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DOT Use of Paperless Chain of Custody and Control Forms

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In 2015, the Department of Transportation (DOT) approved the use of Electronic Federal Chain of Custody and Control Forms, sometimes referred to as eCOCs or eCCFs.

In simple terms, it represents a virtual paper trail from here to there.

Think of it as a digital version—an “electronic paper trail”—of a traditional paper form, detailing every step on the journey taken during a human specimen test. This includes everything from collection to transfer, analysis, and reporting—all linked to a specific screening laboratory. Employers are required to provide this level of control documentation to every candidate undergoing a drug screen.

For DOT testing programs, the eCCF is also used to document final results reported to a Medical Review Officer (MRO).

The introduction of these electronic forms into the DOT testing environment has streamlined the drug screening process, reducing turnaround times by preventing delays in the transfer of documents and eliminating the need for employers, Medical Review Officers, and Third-Party Administrators to track down CCFs.

Errors are minimized and deadlines are easily met.

Short deadlines in the electronic Chain of Custody process, such as the collection facility’s responsibility to send the CCF to a Medical Review Officer (MRO) within 24-hours, are met more reliably than with the paper process. There are also many other important benefits:

  • The potential for data entry errors is reduced; information is entered into the system once, and the need to decipher handwritten information is eliminated.
  • Barcodes attached to every specimen accurately detail donor demographics.
  • Through approved locations with proper technology, donors can now provide an electronic signature.
  • Fatal flaws (fairly common problems that can jeopardize drug screen integrity) are minimized: missing signatures, inaccurate donor, employer, or collection facility information, etc.

Additionally, since drug tests can now be processed online, employers no longer need to order, store, or mail physical forms and no longer need to worry about using the correct federal or forensic form. Tracking a drug screen and staying up to date on its progress is now completed electronically.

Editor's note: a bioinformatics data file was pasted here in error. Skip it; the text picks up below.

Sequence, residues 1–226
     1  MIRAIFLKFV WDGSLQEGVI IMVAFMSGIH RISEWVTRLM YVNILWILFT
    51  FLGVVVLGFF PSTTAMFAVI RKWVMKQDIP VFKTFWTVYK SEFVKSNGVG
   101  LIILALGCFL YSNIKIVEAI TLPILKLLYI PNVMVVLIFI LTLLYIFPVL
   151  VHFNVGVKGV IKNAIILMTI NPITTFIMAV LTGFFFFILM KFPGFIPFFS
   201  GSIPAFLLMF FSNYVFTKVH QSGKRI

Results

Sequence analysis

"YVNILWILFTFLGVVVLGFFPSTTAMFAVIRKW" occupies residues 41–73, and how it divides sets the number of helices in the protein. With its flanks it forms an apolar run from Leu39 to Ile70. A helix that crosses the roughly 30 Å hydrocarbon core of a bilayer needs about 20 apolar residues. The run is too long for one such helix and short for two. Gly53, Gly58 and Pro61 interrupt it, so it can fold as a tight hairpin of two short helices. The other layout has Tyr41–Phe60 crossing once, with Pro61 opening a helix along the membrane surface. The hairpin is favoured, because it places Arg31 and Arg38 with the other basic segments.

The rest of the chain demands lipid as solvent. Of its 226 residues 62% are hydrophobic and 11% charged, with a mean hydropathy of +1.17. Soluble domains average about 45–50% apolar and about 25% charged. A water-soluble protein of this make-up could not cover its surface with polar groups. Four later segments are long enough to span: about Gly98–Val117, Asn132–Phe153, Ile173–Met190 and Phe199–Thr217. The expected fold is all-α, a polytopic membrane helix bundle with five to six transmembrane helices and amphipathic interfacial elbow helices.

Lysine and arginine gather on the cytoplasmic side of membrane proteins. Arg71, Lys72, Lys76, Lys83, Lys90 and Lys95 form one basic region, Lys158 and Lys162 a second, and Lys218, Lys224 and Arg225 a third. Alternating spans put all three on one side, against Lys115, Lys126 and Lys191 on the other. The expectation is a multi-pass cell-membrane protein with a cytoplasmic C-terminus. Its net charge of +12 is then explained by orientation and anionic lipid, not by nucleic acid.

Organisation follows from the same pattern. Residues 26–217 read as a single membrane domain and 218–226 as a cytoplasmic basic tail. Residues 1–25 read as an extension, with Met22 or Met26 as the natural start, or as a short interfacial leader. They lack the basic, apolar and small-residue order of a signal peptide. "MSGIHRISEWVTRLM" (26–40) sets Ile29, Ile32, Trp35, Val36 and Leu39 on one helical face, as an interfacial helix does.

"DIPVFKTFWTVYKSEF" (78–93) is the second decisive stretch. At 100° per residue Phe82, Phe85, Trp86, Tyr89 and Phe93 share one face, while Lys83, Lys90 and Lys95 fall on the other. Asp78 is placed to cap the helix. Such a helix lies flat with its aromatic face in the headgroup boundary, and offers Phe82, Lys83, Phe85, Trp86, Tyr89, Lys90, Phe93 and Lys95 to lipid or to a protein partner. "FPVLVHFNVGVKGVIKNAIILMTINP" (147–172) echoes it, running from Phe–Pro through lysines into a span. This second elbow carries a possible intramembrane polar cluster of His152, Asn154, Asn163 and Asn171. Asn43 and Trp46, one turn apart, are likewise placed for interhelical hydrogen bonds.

If you have questions about your current screening program, please don’t hesitate to reach out to us. A-Check Global’s team of dedicated professionals is available to help and provide friendly, accurate guidance. Give us a call today at 877-345-2021, or email support@acheckglobal.com.

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The Impact of Marijuana Legalization

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The growing number of legalized marijuana states indicates a public perception shift of marijuana’s role in their communities. Many states have legalized the use of medical marijuana for patients with chronic or severe medical diagnoses, but many states are also starting to legalize the use of recreational marijuana, creating an issue for employers who are now unsure whether they are legally allowed to continue screening applicants and employees for marijuana use.

Does marijuana legislation protect employers?

More than half of the drug testing laws passed in 2016 were directly related to marijuana regulation, and a large percentage of the current regulation revolving around marijuana is heavily favored toward employer and business protection.

Currently, California regulation (Health and Safety Code – HSC, 11362.45) states, “Nothing in section 11362.1 shall be construed or interpreted to amend, repeal, affect, restrict, or preempt: … (f) The rights and obligations of public and private employers to maintain a drug and alcohol free workplace … or affect the ability of employers to have policies prohibiting the use of marijuana by employees and prospective employees, or prevent employers from complying with state of federal law.” This allows employers in California to continue drug screening their employees and applicants in order to maintain their zero-tolerance marijuana policies.

Additionally, Florida’s regulations (Chapter 381, Public Health – General Provisions) also protect employers from many of the issues surrounding marijuana legalization: “Nothing in this section shall require any accommodation of any on-site medical use of marijuana in any… place… of employment…”

The debate over consumption, safety, and workplace issues.

Some believe since recreational marijuana is now legal in a growing number of states, businesses should no longer be able to screen or reprimand employees for drug use, often drawing parallels between marijuana and alcohol effects. In business practice this does raise questions, as a substantial amount of research currently supports risk associated with marijuana consumption.

According to the National Institute on Drug Abuse (NIDA), the potency of marijuana has risen by a factor of three in the last 30 years. This increase, coupled with the recent legalization movements, has caused numerous agencies from marijuana-legal states to report severe increases in public safety hazards.